Edmund Burke said:[W]e made a great mistake in the beginning of our struggle, and I fear, in spite of all we can do, it will prove to be a fatal mistake. We appointed all our worst generals to command our armies, and all our best generals to edit the newspapers.
Cullen Hightower said:Nobody made a greater mistake than he who did nothing because he could only do a little.
Robert Pollack said:The mistakes made by Congress wouldn't be so bad if the next Congress didn't keep trying to correct them.
George Bernard Shaw said:The freedom to make and admit mistakes is at the core of the scientific process. If we are asked to forswear error, or worse, to say that error means fraud, then we cannot function as scientists.
Milton Friedman said:A life spent making mistakes is not only more honorable, but more useful than a life spent doing nothing.
Central bankers always try to avoid their last big mistake. So every time there's the threat of a contraction in the economy, they'll over stimulate the economy, by printing too much money. The result will be a rising roller coaster of inflation, with each high and low being higher than the preceding one.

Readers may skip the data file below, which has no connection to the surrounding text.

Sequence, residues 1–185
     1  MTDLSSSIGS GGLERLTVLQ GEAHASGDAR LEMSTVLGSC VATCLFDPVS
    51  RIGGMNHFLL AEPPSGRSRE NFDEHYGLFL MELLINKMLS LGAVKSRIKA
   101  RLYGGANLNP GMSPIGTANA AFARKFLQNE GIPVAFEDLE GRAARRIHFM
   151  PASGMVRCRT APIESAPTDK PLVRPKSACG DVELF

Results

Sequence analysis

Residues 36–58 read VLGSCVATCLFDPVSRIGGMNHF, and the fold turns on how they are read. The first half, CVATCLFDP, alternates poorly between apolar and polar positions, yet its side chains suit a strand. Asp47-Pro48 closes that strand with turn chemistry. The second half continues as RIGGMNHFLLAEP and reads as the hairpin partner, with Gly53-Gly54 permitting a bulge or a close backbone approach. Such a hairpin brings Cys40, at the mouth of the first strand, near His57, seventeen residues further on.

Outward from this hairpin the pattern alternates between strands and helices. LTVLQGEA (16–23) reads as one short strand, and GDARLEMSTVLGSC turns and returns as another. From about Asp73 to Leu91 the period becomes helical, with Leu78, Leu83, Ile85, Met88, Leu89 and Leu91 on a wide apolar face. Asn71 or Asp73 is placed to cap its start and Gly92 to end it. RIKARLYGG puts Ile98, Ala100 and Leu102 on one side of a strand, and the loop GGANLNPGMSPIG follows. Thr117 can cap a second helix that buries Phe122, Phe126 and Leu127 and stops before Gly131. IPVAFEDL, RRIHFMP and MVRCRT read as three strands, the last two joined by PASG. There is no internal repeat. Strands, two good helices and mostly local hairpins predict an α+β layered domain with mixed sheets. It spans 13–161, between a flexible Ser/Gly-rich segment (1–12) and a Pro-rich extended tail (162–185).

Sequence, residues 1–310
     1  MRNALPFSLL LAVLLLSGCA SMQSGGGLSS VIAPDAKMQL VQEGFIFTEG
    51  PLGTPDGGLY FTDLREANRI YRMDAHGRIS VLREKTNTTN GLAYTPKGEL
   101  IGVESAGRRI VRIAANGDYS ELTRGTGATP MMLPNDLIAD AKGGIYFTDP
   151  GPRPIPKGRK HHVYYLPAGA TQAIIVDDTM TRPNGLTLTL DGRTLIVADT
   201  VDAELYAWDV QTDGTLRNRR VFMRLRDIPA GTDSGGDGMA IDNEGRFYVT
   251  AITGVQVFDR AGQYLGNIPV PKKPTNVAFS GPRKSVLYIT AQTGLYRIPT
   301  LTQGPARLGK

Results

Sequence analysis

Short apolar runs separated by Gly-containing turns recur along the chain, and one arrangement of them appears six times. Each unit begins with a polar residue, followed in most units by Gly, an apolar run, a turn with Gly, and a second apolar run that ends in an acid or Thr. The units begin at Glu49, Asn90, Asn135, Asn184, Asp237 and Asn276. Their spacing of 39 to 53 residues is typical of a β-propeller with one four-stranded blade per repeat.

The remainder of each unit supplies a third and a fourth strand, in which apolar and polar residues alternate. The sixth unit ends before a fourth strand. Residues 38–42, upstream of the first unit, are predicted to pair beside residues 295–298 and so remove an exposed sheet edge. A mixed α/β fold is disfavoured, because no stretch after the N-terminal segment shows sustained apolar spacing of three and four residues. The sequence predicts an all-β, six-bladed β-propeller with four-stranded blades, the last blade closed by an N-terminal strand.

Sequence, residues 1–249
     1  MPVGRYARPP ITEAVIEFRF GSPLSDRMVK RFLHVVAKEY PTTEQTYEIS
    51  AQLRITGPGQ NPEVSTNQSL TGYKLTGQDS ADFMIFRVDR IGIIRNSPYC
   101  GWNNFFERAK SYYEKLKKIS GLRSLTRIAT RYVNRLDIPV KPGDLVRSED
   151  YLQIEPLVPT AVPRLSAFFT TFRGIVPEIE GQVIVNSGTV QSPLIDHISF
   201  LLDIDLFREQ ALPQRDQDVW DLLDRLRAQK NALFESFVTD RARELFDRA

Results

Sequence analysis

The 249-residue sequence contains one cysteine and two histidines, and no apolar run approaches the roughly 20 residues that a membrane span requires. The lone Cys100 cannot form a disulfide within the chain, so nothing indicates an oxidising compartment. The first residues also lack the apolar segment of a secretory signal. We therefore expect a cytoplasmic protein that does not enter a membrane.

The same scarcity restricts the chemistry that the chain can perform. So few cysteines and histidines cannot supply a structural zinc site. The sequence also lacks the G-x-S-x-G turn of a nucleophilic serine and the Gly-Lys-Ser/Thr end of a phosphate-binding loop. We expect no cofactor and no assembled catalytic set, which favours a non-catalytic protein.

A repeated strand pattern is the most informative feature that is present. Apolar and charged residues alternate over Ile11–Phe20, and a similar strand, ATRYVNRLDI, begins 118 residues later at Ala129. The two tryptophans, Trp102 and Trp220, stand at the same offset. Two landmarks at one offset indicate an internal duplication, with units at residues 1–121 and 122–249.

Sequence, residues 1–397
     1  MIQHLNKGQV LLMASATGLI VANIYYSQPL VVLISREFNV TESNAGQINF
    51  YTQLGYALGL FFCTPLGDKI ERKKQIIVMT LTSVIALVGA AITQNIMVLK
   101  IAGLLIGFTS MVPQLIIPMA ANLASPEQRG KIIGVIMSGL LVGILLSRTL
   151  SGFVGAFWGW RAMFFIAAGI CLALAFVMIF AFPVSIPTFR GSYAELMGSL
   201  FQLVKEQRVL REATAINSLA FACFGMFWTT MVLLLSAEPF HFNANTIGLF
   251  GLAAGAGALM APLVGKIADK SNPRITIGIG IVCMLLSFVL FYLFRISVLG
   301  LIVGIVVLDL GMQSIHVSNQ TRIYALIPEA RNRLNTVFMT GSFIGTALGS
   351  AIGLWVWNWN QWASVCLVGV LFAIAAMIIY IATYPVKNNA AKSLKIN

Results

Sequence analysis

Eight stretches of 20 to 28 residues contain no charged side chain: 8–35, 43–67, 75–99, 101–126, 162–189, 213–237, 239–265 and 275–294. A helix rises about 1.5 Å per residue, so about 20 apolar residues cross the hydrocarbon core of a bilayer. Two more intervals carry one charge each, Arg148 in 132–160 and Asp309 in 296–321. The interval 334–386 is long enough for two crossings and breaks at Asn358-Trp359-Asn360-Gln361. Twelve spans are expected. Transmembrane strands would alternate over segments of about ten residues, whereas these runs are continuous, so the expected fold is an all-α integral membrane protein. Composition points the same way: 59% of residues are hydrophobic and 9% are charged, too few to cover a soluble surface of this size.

Justice Hugo L. Black said:One of the great mistakes is to judge policies and programs by their intentions rather than their results.
Ignazio Silone said:The interest of the people lies in being able to join organizations, advocate causes, and make political “mistakes” without being subjected to governmental penalties.
Liberty is the possibility of doubting, the possibility of making a mistake, the possibility of searching and experimenting, the possibility of saying “No” to any authority -- literary, artistic, philosophic, religious, social and even political.